1. Ischemic-appearing ST-T changes
2. Q waves consistent with prior infarction
3. Prominent QT(U) prolongation
4. Chamber hypertrophy/overload
5. QRS axis deviation
6. Extreme widening of the QRS (e.g., 170-180 msec or more), suggesting marked ventricular scarring, hyperkalemia, or drug toxicity (Na+ channel blockers)
7. Prominent notching or fragmentation of the QRS complex. For example, notching of the ascending limb of an rS (or QS) wave in the mid-precordial leads with LBBB has been reported as a relatively specific but not sensitive marker of underlying infarction (sometimes referred to as Cabrera’s sign).
An example of “LBBB plus” is shown in Fig. S2.5.
Fig. S2.5 Left bundle branch block (LBBB) “plus” pattern from a 79-year-old woman with ischemic cardiomyopathy, status post multiple revascularization procedures. In addition to the classic LBBB morphology are the findings of sinus rhythm with (1) left axis deviation; (2) very wide QRS interval (∼200 msec); (3) notched and fragmented QRS; (4) ST elevations with T wave inversions in V3 and V4; and (5) marked left atrial abnormality (very broad, low amplitude terminal P wave in V1).
Keep in mind that BBB, especially LBBB, may both mask and mimic the findings of acute or chronic MI. With LBBB, ST elevations in leads with predominant R waves or ST depressions (or T wave inversions) in leads with predominant rS or QS waves should raise strong consideration of ischemia/infarction. Slow or even absent r wave progression in the right to mid-precordial leads is an expected feature of LBBB. However, a QR pattern (with a Q wave of 40 msec or more in duration) in one or more of leads I, V4 to V6, II, and aVF raises consideration of underlying infarction.
BBB patterns are anticipated to prolong the QT/QTc since the latter interval includes the QRS duration. However, marked QT prolongation and/or prominent U waves should raise consideration of superimposed drug effect or hypokalemia.
The presence of left atrial abnormality in concert with LBBB or RBBB makes underlying left ventricular hypertrophy more likely. The already low sensitivity of voltage criteria for LVH in middle-aged to older adults may be further reduced by RBBB because of decreased amplitude of S waves in leads V1 and V2.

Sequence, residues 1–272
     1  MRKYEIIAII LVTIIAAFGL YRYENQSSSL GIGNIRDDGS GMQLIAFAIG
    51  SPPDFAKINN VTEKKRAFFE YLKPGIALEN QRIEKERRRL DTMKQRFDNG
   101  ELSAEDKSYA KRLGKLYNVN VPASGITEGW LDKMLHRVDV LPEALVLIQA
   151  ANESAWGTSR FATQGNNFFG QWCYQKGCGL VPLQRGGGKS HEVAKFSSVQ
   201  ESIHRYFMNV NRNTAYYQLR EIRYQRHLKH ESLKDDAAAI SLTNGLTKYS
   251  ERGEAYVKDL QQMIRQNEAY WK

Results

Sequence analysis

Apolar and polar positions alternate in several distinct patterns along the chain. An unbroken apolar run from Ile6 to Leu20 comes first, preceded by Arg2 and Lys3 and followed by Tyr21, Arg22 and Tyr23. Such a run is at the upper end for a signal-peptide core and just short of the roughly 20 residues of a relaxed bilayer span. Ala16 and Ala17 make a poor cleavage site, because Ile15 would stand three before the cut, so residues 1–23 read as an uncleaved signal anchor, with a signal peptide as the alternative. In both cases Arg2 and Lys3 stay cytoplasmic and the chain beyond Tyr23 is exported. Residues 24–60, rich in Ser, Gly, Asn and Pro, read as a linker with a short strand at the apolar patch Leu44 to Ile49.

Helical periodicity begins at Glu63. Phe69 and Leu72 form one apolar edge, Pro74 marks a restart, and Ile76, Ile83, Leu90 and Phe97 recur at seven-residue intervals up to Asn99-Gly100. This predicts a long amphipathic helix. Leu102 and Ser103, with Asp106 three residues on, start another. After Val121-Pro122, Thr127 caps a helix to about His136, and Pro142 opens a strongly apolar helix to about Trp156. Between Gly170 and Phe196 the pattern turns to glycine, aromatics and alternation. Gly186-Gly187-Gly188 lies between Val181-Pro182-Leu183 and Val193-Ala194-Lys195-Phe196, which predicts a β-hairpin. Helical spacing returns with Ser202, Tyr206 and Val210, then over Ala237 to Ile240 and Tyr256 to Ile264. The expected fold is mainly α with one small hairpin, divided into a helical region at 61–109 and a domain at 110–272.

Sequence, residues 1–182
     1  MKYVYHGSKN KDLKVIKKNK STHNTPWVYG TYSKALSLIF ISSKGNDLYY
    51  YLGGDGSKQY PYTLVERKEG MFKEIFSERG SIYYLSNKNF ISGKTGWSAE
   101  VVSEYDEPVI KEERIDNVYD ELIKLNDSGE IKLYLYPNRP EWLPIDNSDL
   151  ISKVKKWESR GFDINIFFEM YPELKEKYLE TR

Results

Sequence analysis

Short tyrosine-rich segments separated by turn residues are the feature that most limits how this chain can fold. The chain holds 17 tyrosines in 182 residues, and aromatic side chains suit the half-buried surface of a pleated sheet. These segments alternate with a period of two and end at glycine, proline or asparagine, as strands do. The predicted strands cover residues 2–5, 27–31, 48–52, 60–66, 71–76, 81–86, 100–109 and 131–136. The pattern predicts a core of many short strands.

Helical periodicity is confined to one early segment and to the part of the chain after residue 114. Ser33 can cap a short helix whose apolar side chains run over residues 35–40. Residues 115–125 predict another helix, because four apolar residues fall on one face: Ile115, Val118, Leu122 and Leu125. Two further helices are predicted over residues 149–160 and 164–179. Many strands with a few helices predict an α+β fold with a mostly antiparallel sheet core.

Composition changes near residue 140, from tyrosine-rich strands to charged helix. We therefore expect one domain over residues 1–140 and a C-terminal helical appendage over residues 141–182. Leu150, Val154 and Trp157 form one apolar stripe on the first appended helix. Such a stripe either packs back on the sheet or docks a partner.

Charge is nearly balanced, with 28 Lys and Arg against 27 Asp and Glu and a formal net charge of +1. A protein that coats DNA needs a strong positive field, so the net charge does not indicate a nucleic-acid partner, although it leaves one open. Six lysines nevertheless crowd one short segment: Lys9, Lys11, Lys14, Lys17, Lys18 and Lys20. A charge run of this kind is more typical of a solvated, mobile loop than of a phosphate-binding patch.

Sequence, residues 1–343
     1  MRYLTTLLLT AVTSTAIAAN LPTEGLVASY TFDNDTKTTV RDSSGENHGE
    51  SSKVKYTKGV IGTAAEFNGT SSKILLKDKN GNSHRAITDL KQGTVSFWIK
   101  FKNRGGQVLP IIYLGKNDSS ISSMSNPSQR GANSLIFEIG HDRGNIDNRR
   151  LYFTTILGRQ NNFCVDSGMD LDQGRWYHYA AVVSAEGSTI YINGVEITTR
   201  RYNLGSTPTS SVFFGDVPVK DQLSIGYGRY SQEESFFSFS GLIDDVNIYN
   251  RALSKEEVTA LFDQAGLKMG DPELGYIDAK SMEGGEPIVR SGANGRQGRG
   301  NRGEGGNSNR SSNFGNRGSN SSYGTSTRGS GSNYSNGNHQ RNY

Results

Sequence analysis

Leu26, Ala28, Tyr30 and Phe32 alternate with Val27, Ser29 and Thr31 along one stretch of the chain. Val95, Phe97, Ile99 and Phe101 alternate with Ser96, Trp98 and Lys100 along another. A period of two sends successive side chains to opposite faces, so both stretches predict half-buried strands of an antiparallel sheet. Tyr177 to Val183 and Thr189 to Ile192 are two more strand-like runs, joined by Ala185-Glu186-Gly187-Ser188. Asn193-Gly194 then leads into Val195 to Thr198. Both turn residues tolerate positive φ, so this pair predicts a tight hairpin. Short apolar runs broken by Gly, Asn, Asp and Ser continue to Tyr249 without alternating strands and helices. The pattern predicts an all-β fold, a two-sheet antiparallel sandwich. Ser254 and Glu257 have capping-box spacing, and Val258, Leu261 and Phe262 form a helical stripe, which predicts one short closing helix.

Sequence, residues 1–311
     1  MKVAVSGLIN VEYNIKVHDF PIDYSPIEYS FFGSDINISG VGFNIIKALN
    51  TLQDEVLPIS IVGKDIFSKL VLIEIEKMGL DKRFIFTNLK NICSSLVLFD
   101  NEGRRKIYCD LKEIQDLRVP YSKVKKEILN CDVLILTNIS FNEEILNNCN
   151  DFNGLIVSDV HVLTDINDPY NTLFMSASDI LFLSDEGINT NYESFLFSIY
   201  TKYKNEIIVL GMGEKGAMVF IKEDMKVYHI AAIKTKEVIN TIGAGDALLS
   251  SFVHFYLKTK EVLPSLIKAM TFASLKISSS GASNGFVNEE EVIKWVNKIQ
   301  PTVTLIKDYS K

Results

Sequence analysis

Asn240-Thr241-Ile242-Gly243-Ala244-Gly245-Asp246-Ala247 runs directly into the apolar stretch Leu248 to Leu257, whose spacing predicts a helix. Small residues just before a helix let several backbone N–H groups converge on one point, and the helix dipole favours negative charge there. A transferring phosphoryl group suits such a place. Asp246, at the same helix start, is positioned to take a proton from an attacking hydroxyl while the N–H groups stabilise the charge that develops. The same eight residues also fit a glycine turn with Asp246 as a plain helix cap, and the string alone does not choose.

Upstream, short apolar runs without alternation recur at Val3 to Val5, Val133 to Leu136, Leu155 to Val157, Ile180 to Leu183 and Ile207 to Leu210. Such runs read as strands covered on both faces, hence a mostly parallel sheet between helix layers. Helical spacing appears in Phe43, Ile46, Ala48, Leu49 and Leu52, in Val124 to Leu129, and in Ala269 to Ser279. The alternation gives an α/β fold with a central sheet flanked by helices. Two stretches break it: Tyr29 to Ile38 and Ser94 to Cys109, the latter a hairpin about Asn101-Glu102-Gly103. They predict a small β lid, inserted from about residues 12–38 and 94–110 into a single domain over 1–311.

We discussed the differential diagnosis of RBBB with right axis deviation previously. There has been debate in the literature about the implications of LBBB with left axis deviation (LAD), defined as a mean frontal plane QRS axis of −30 degrees or more negative. Overall, patients with LBBB and LAD have more severe structural heart disease than those with a normal axis. However, recall that LBBB, by itself, is usually a marker of underlying organic heart disease.
Supplement to Chapters 9 and 10: Acute Myocardial Ischemia and Infarction
These tandem chapters describe some of the patterns that may simulate the ST elevations because of myocardial ischemia or infarction (see also Chapter 25). One of these patterns that may mimic ischemia is referred to most commonly as the “early repolarization pattern.” This term most often is used to describe ST elevations seen in healthy subjects and also referred to as “benign ST elevations” or benign early repolarization. For those interested, the literature contains some controversy about whether early repolarization is a normal benign finding or whether it sometimes may be a marker of susceptibility to potentially lethal ventricular arrhythmias in a subset or subsets of individuals. Clearly, for the vast majority of subjects with this finding (usually healthy young adults with increased cardiac vagal tone), the finding is indeed benign and likely a marker of physiologic heterogeneities in ventricular repolarization times. Whether a similar ECG phenotype may have pathologic implications in certain individuals (“malignant early repolarization” pattern) is an active topic of discussion in the literature.